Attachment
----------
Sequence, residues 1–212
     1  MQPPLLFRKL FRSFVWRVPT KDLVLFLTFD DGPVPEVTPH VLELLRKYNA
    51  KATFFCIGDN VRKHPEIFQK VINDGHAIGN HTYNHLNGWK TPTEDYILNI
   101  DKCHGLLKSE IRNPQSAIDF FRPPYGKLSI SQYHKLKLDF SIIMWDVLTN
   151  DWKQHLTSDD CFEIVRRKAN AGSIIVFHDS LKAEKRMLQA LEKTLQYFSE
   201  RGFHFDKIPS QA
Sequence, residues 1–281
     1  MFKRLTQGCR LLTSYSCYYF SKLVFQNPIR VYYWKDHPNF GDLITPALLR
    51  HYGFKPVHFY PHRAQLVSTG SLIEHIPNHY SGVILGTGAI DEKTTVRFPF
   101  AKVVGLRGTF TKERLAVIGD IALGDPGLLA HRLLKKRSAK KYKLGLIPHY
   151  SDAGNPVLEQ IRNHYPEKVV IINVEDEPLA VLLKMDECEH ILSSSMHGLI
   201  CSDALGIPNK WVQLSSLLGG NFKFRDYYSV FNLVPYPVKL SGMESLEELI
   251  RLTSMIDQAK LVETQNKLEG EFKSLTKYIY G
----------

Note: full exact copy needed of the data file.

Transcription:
Sequence, residues 1–212
     1  MQPPLLFRKL FRSFVWRVPT KDLVLFLTFD DGPVPEVTPH VLELLRKYNA
    51  KATFFCIGDN VRKHPEIFQK VINDGHAIGN HTYNHLNGWK TPTEDYILNI
   101  DKCHGLLKSE IRNPQSAIDF FRPPYGKLSI SQYHKLKLDF SIIMWDVLTN
   151  DWKQHLTSDD CFEIVRRKAN AGSIIVFHDS LKAEKRMLQA LEKTLQYFSE
   201  RGFHFDKIPS QA
Sequence, residues 1–281
     1  MFKRLTQGCR LLTSYSCYYF SKLVFQNPIR VYYWKDHPNF GDLITPALLR
    51  HYGFKPVHFY PHRAQLVSTG SLIEHIPNHY SGVILGTGAI DEKTTVRFPF
   101  AKVVGLRGTF TKERLAVIGD IALGDPGLLA HRLLKKRSAK KYKLGLIPHY
   151  SDAGNPVLEQ IRNHYPEKVV IINVEDEPLA VLLKMDECEH ILSSSMHGLI
   201  CSDALGIPNK WVQLSSLLGG NFKFRDYYSV FNLVPYPVKL SGMESLEELI
   251  RLTSMIDQAK LVETQNKLEG EFKSLTKYIY G